Tuesday, September 14, 2010

My Life in the Fibro Lane - For Fibromyalgia Network News

Fibromyalgia Network News, “My Life in the Fibro Lane,” Submit yours at groups@fmnetnews.com

My Life in the Fibro Lane

Though the scenario may be different, my story is typical. In the mid 80’s an ICU patient, through no fault of his own (unaware of his intentions), grabbed my hair and tossed me about like a rag doll, quite literally. That was the beginning, only escalated by other physical trauma. I have also had torn rotator cuffs of each shoulder and one complete reconstruction as a result of my work as an emergency nurse. Anatomically, some of the muscles that support the shoulders also support the neck (cervical spine) and these injuries exacerbate my coexisting spinal problems and migraine headaches. These are the stage props of my not so loving affair with fibromyalgia.

I have been diagnosed with three disorders; fibromyalgia, chronic fatigue syndrome and chronic myofascial pain (CMP) from myofascial trigger points. As more recent research suggests and as I have suspected from years of research and writing all FM patients have myofasical trigger points (TrPs). In many cases a tragedy has occurred, they have gone undetected. It is unfortunate that clinicians do not recognize the presence of TrPs, since they can be a great aggravator of our fibromyalgia pain, and they can be objectively measured and treated. Another story for another day, and yes, I am an advocate for change.

Since this is my story on FM, I will make the gory details of chronic fatigue syndrome (CFS) short. Some think the two are interchangeable, but after researching, I do not believe that FM and CFS are the same. I personally have suspicions that my chronic fatigue is related to the Hashimoto’s Thyroiditis that went undetected for a long period of time, though I do not heal well and have many of the other symptoms of CFS. A test, I hope with the discovery and connection of XMRV to CFS, will finally lay this question to rest for myself and many others in my position.

I haven't worked since 2000. I didn't know what was wrong with me when I finally handed in the towel, I only knew that my brain was slipping away, the pain was unbearable and interfering with my ability to critically think. Sleep deprivation and non-restorative sleep was reaching a point of constant worry and anxiety that I might inadvertently harm a patient. This cognitive deficit was eventually confirmed by neuropsychological testing and evaluation by a forensic psychologist. So here I was, at what should have been the height of my career, alone and afraid to do the work I sacrificed and trained to do, care for others. Confused as to what was happening, after all, my training was as a hospital nurse and educator (I had zilch experience with any rheumatic condition), and persistence, I was finally diagnosed (over a year after I quit work). And found I fit the mold to a T. Five years earlier I had cut my hours back to part time in an effort to cope with the pain and fatigue. Five years, the average time from symptoms to diagnosis, though I suspect many of us would admit the symptoms quite possibly went unnoticed for a lifetime. I was now forced to care for myself. A feeble attempt at best, by both my healthcare providers and myself, I was totally ignorant. A new mission presented itself.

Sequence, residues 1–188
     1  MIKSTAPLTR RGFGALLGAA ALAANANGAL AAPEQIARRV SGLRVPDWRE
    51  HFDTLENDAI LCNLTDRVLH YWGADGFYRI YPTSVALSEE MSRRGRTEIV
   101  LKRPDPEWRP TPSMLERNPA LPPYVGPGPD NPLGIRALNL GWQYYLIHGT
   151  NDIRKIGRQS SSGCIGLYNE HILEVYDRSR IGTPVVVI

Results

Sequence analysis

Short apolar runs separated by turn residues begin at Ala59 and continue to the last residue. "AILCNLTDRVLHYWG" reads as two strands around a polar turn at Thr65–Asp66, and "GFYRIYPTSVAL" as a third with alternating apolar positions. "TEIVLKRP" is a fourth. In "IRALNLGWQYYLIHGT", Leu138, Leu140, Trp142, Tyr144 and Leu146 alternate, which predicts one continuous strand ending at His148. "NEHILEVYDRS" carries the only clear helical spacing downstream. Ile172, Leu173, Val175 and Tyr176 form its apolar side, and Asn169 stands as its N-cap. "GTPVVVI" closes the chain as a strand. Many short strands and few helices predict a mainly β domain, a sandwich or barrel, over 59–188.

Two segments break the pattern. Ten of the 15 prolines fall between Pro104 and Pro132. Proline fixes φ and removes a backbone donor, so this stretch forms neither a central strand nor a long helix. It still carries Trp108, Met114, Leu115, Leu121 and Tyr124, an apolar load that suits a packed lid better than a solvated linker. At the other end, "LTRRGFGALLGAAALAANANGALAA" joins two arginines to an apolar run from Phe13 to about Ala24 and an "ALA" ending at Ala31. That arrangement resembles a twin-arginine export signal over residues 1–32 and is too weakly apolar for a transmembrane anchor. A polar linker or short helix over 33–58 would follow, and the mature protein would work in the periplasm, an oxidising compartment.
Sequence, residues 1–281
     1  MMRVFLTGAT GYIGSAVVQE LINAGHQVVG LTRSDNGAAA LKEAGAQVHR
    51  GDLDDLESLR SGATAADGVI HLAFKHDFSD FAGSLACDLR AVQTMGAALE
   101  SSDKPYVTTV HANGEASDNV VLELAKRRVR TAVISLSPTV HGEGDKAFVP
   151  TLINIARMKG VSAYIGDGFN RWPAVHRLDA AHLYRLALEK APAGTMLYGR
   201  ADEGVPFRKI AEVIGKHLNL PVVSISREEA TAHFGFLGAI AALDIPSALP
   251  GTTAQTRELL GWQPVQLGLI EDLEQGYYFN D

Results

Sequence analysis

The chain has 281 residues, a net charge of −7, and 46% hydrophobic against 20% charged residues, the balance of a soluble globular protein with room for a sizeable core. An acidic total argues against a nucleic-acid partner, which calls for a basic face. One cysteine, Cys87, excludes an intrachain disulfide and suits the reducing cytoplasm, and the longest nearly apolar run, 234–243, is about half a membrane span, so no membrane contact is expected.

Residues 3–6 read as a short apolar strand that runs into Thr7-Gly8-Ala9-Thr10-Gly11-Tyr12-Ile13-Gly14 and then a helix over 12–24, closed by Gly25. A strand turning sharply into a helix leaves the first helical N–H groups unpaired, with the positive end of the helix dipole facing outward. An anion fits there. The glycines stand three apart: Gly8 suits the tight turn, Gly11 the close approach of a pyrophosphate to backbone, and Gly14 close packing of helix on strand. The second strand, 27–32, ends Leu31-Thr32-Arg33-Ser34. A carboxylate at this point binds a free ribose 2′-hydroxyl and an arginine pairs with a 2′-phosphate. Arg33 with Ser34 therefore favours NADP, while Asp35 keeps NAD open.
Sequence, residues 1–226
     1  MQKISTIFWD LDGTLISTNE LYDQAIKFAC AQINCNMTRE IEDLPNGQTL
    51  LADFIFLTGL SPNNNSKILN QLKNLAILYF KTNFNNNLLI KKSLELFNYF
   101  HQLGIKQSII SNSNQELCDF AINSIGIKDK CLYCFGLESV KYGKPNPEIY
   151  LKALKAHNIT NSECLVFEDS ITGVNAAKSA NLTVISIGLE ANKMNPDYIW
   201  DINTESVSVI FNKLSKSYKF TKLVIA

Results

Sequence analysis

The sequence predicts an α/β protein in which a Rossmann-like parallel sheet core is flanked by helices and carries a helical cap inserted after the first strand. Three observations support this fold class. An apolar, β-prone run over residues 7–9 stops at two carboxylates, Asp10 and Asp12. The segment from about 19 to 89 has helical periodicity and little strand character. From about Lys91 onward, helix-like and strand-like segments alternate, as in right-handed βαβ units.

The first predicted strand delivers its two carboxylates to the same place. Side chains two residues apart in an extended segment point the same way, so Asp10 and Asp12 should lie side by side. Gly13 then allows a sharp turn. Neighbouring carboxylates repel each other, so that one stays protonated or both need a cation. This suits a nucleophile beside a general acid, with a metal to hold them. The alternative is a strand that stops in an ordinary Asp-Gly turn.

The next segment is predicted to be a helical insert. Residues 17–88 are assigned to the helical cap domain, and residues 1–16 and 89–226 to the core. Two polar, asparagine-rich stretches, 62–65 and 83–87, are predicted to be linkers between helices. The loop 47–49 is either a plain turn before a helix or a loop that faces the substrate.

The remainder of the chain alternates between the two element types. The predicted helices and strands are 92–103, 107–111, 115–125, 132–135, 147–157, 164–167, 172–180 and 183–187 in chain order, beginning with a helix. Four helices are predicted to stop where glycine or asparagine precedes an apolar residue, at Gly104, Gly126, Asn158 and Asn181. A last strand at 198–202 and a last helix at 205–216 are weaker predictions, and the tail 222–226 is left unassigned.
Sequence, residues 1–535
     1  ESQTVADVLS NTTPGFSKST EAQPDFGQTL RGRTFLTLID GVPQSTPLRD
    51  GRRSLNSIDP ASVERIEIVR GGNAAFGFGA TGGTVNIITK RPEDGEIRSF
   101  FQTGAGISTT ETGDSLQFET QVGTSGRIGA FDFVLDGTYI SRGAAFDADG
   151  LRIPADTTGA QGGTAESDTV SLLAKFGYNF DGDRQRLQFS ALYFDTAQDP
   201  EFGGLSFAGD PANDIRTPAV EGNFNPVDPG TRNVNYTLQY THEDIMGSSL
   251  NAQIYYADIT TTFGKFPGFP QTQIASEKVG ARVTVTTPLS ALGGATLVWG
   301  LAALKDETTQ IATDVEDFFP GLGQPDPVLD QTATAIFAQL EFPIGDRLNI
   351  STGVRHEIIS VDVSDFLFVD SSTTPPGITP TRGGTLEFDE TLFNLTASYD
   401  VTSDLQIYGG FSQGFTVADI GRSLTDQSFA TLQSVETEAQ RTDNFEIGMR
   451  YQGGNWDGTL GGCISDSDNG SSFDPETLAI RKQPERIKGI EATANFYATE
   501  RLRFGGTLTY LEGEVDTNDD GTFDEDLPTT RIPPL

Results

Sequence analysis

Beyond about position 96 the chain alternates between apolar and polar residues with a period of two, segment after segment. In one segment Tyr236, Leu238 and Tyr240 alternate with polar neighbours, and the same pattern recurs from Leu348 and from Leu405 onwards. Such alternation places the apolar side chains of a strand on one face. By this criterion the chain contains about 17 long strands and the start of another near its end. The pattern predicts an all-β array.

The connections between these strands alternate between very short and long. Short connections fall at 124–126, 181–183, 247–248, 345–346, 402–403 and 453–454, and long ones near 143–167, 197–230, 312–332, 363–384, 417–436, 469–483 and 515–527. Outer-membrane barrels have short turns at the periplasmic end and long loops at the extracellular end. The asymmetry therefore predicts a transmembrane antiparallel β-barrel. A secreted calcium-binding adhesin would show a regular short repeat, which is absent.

Through it all, and psychotherapy with a psychologist that specializes in treating patients with chronic pain, I learned that I had something to contribute and have been able to maintain forward momentum since. I have written a book on my three disorders as a way of personal coping and reaching out to help others (I had always told my students, if you really want to learn something, teach it, little did I know at the time how much more that would mean to me).

That is what I wish for everyone on this path with me, find an outlet, find YOUR contribution, we all have it in us. It was never easy, it still isn’t, but understanding and appreciating that there is more to being alive and well than physical being, that we all have something unique to share, is inspirational to me. The trials and triumphs of others are what keep me up on my down days.

I have followed my own advice on finding constructive ways of coping, and have fallen in love with writing poetry. Following is a poem that pretty much sums up the past two decades of my life. So I leave you with this:


A woman struggling to style her thin hair,
Why should I grieve what was once there?

Fingers of condition apologize for that,
So, I strive to coordinate my life with a cap.

Success bloomed many caps in my time
Lately, they are scented by a different kind.

Words dot my life, push, strive and hope,
Corrupted by illness, change, endure, cope.

But fear not my friend though my cap is askew,
This woman is learning, bring meaning anew.

These fingers have taught me about myself,
My caps are as peacemaker, caretaker, health.

So I leave you with this, my caps they were sent,
A schoolhouse of words, pure, sturdy and meant.

As I fondle this wisp of thin hair that remains,
My caps, though different, they stay the same.

Written by Celeste Cooper, author
Integrative Therapies for Fibromyalgia, Chronic Fatigue syndrome, and Myofascial Pain: The Mind-Body Connection (co-author Jeff Miller, PhD) Healing Arts Press, Imprint of Inner Traditions, Bear and Company

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